RESEARCH ARTICLE


Hand-Eye Coordination Using a Video See-Through Augmented Reality System



M. Park1, *, S. Serefoglou2, L. Schmidt3, K. Radermacher2, C. Schlick 1, H. Luczak 1
1 Institute of Industrial Engineering and Ergonomics, RWTH Aachen University, Germany
2 Medical Engineering, RWTH Aachen University, Germany
3 Human-Machine Systems Engineering, University of Kassel, Germany


Article Metrics

CrossRef Citations:
5
Total Statistics:

Full-Text HTML Views: 747
Abstract HTML Views: 1415
PDF Downloads: 279
Total Views/Downloads: 2441
Unique Statistics:

Full-Text HTML Views: 367
Abstract HTML Views: 812
PDF Downloads: 207
Total Views/Downloads: 1386



Park et al.; Licensee Bentham Open

open-access license: This is an open access article distributed under the terms of the Creative Commons Attribution 4.0 International Public License (CC-BY 4.0), a copy of which is available at: https://creativecommons.org/licenses/by/4.0/legalcode. This license permits unrestricted use, distribution, and reproduction in any medium, provided the original author and source are credited.

* Address correspondence to this author at the Institute of Industrial Engineering and Ergonomics, RWTH Aachen University, Germany; E-mail: m.park@iaw.rwth-aachen.de


Abstract

The paper describes two experiments for investigating the influence of different levels of camera displacement on hand-eye coordination while using a video see-through head-mounted display. During the first experiment 15 camera positions with five levels of height displacement and three levels of depth displacement were compared in four different tasks. Using a two-way ANOVA, the comparison of the calculated performance characteristic values showed significant influence of height displacement on hand-eye coordination. In conclusion, cameras should be placed above or below eye level, but by no more than 35 mm, in order to preserve hand-eye coordination. In the second experiment, a mirror system was used to check hand-eye coordination in an exemplary medical task allowing the cameras to be placed virtually at eye level. A significant decrease in accuracy was found while using the head-mounted display compared to direct view. Finally, the mirror system was compared to the 15 camera positions using the data from the same tasks. Significant differences in performance were found between the mirror system and eye level position, as well as the position slightly below eye level.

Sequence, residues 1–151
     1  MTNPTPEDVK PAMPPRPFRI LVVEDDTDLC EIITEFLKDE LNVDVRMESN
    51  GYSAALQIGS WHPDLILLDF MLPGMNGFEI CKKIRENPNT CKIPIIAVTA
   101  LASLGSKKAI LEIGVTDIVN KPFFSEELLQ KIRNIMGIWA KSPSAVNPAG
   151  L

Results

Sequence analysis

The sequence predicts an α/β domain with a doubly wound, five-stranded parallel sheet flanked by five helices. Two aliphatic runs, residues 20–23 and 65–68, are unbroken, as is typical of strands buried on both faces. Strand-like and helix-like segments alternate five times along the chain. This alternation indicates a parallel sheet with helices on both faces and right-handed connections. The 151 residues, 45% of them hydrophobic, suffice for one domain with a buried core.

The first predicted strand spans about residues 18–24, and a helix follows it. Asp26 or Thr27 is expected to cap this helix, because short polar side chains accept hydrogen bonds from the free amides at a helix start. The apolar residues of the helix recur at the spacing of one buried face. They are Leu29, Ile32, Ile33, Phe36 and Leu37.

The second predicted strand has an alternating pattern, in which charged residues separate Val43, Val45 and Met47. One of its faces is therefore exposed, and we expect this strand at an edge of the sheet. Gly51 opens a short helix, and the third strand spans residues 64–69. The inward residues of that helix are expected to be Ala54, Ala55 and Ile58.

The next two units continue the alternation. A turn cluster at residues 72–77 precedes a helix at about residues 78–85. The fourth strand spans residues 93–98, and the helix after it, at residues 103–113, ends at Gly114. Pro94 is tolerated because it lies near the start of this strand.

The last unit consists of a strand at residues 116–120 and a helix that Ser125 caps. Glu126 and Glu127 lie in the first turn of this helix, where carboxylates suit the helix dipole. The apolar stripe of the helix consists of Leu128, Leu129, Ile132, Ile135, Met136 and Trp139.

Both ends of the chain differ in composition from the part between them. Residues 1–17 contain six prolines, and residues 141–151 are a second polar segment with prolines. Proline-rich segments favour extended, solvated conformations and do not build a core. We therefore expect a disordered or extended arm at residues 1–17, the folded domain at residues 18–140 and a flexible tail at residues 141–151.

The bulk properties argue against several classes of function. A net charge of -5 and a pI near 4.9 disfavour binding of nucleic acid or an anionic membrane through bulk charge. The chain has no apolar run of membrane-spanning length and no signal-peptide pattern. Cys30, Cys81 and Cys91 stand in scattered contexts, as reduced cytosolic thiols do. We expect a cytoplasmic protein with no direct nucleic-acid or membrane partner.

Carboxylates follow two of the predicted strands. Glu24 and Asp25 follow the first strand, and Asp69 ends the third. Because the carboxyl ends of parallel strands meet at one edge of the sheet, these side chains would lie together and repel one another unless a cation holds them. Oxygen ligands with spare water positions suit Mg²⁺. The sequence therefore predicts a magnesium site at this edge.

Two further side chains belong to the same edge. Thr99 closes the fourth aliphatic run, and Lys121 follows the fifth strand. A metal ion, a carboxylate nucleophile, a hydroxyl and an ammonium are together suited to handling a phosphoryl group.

The results of the experiment provide design recommendations for developers and users of video see-through systems.

Keywords: Hand-eye coordination, augmented reality, video see-through.